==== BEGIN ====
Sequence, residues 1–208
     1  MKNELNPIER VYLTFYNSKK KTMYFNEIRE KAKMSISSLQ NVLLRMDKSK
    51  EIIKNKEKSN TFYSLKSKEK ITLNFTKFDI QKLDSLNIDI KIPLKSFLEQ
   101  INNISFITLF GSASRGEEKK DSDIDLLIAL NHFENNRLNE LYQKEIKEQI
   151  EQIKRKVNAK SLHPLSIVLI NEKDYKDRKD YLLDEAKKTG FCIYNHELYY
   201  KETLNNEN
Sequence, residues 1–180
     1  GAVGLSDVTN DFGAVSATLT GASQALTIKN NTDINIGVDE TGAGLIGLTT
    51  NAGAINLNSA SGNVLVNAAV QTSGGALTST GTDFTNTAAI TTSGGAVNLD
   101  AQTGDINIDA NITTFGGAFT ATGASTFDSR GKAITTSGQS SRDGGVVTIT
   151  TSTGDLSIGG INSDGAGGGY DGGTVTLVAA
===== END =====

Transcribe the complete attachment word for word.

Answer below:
Sequence, residues 1–208
     1  MKNELNPIER VYLTFYNSKK KTMYFNEIRE KAKMSISSLQ NVLLRMDKSK
    51  EIIKNKEKSN TFYSLKSKEK ITLNFTKFDI QKLDSLNIDI KIPLKSFLEQ
   101  INNISFITLF GSASRGEEKK DSDIDLLIAL NHFENNRLNE LYQKEIKEQI
   151  EQIKRKVNAK SLHPLSIVLI NEKDYKDRKD YLLDEAKKTG FCIYNHELYY
   201  KETLNNEN
Sequence, residues 1–180
     1  GAVGLSDVTN DFGAVSATLT GASQALTIKN NTDINIGVDE TGAGLIGLTT
    51  NAGAINLNSA SGNVLVNAAV QTSGGALTST GTDFTNTAAI TTSGGAVNLD
   101  AQTGDINIDA NITTFGGAFT ATGASTFDSR GKAITTSGQS SRDGGVVTIT
   151  TSTGDLSIGG INSDGAGGGY DGGTVTLVAA